FIG. 6A shows a dental radiograph of a jaw generated by using a scanning system,without a flexible drive assembly.

FIG. 6B shows a dental radiograph of a jaw generated by using a scanning system with a flexible drive assembly according to the present invention.

FIG. 6C shows linegraphs of the dental radiographs shown in FIGS. 6A and 6B. The linegraphs were generated by plotting the mean signals collected from the scanned screen relative to the pixel location of the screen. The light linegraph was generated by scanning the screen using a scanning system with a flexible drive assembly according the present invention; the dark linegraph by scanning the same screen using a scanning system without a flexible drive assembly.

FIG. 6D shows a part of the linegraphs shown in FIG. 6C, and further demonstrates that mean signals acquired with the scanning system with the flexible drive assembly (light line) vary more linearly relative to the pixel location than the one acquired with the scanning system without a flexible drive assembly (dark line).

DESCRIPTION OF THE PREFERRED EMBODIMENTS

The present invention relates to a system for scanning an object where the system includes a flexible drive assembly which improves the scanning motion of the object.

In one embodiment, a system for scanning an object is provided which includes a drive shaft having a proximal portion and a longitudinal axis; a motor having a motor shaft for rotating the drive shaft about the longitudinal axis of the drive shaft; a flexible joint coupling the drive shaft to the motor shaft by the proximal portion of the drive shaft, the flexible joint having a range of motion which allows the longitudinal axis of the drive shaft to move relative to a rotational axis of the motor shaft; and an object attached to the drive shaft which moves along the longitudinal axis of the drive shaft in response to the drive shaft being rotated by the motor.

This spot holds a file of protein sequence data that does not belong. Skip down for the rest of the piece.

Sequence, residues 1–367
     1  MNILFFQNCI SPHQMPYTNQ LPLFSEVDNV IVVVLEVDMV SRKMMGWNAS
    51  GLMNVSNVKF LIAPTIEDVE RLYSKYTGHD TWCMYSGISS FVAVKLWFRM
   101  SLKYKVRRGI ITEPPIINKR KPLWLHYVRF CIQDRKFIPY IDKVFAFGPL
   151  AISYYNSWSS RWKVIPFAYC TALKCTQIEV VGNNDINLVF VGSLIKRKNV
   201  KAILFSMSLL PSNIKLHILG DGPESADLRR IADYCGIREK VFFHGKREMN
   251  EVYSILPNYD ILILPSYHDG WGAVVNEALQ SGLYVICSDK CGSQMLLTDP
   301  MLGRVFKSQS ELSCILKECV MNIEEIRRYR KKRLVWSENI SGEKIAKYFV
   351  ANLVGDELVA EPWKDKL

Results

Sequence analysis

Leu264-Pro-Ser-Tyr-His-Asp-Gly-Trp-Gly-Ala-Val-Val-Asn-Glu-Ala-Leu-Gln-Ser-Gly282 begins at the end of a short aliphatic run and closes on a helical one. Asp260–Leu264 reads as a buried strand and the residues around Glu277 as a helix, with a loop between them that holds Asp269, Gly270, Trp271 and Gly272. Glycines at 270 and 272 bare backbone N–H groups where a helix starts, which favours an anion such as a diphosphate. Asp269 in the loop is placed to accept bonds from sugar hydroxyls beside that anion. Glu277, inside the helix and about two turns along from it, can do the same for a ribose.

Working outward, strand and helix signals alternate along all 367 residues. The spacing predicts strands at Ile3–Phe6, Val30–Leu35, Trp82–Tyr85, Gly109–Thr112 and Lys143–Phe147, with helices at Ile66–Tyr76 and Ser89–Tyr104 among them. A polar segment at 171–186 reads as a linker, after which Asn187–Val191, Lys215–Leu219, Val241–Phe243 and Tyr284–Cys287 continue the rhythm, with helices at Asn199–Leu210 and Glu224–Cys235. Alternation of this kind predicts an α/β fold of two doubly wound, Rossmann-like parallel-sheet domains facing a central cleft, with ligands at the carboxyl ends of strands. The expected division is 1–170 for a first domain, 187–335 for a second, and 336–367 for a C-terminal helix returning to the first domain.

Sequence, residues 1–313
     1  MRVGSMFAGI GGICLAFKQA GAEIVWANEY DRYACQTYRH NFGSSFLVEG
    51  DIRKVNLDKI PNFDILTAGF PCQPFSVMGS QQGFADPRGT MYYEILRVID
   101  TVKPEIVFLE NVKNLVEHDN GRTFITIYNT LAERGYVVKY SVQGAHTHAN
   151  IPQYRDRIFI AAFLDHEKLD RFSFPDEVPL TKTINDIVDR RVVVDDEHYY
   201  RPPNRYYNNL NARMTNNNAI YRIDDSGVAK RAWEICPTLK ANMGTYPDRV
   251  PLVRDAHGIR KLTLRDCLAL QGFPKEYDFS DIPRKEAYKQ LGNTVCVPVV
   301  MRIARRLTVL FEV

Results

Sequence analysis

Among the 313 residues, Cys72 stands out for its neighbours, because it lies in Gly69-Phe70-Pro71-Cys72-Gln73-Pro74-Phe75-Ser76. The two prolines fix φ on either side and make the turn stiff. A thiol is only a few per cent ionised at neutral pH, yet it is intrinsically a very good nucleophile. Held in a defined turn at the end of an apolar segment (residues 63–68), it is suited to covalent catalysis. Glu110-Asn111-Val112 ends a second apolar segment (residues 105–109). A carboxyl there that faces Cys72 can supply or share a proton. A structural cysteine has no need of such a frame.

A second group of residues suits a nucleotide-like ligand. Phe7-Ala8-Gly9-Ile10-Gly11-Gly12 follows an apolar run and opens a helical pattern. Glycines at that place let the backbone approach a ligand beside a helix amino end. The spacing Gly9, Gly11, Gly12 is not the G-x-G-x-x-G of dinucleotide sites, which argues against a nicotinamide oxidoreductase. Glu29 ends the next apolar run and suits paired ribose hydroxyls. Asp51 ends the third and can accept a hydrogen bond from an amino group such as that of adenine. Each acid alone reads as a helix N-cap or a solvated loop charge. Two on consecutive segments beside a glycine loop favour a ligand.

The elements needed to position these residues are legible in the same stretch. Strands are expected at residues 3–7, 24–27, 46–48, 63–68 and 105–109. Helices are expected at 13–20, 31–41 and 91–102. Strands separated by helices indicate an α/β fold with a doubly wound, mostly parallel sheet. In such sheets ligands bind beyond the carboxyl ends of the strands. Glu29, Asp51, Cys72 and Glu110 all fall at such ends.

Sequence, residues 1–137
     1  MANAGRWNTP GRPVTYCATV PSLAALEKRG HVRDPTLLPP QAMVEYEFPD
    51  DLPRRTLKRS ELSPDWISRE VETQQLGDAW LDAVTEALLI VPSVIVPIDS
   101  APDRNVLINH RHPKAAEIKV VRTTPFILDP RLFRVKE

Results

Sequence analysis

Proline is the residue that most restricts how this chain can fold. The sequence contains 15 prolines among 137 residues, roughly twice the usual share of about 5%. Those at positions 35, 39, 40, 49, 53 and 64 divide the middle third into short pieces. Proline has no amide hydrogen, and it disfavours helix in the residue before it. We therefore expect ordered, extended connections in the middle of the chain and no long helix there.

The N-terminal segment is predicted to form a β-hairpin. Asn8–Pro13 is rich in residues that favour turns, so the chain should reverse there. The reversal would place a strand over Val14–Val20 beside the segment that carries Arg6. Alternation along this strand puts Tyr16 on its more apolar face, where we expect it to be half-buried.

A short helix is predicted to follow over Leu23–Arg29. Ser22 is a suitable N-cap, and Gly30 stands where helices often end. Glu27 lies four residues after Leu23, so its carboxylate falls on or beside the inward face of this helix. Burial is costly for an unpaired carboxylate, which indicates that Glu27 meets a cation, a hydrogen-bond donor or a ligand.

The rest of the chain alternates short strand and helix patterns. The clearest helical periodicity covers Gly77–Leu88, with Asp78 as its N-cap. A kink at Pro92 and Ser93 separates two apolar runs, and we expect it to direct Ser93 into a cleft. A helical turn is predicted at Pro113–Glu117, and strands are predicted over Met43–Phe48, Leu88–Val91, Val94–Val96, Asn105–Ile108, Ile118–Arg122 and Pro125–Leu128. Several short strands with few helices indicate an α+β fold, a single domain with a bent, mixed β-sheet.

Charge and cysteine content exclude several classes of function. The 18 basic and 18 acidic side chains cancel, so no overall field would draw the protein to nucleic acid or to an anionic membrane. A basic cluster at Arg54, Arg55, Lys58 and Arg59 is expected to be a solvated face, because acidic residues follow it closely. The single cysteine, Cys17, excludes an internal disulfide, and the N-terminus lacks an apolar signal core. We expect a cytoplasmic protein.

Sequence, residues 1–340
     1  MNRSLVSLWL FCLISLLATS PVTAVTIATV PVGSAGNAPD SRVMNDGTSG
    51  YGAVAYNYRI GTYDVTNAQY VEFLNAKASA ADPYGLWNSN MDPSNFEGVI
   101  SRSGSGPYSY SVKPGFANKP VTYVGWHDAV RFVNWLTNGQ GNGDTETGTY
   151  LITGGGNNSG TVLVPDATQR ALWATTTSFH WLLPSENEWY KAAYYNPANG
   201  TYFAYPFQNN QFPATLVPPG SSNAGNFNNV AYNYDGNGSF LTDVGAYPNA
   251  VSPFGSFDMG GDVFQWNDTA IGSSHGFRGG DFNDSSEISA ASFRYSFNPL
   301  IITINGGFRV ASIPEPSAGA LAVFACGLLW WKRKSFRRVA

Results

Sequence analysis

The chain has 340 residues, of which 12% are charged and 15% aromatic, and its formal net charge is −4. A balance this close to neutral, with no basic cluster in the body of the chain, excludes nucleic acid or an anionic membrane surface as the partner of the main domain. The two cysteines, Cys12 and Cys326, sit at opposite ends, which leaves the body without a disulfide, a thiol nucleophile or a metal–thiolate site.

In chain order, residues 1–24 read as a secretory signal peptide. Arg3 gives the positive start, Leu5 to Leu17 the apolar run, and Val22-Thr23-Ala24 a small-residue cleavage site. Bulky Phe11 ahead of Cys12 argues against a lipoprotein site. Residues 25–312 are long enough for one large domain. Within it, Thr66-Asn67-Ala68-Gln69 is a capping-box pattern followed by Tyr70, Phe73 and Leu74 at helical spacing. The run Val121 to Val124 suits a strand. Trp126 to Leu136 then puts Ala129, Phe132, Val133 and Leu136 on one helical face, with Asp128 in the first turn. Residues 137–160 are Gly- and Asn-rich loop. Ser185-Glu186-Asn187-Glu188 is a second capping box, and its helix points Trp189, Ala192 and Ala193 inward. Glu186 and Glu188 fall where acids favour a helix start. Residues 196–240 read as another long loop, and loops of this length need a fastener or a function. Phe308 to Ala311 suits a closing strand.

In another embodiment, a system is provided for scanning an object adjacent a rotatable drum, the system including a drive shaft having a proximal portion and a longitudinal axis; a motor having a motor shaft for rotating the drive shaft along the longitudinal axis of the drive shaft; a flexible joint coupling the drive shaft to the motor shaft by the proximal portion of the drive shaft, the flexible joint having a range of motion which allows the longitudinal axis of the drive shaft to move relative to a rotational axis of the motor shaft; an object attached to the drive shaft which moves along the longitudinal axis of the drive shaft in response to the drive shaft being rotated by the motor; and a rotatable drum adjacent the object which rotates about a rotational axis that is parallel to the longitudinal axis of the drive shaft.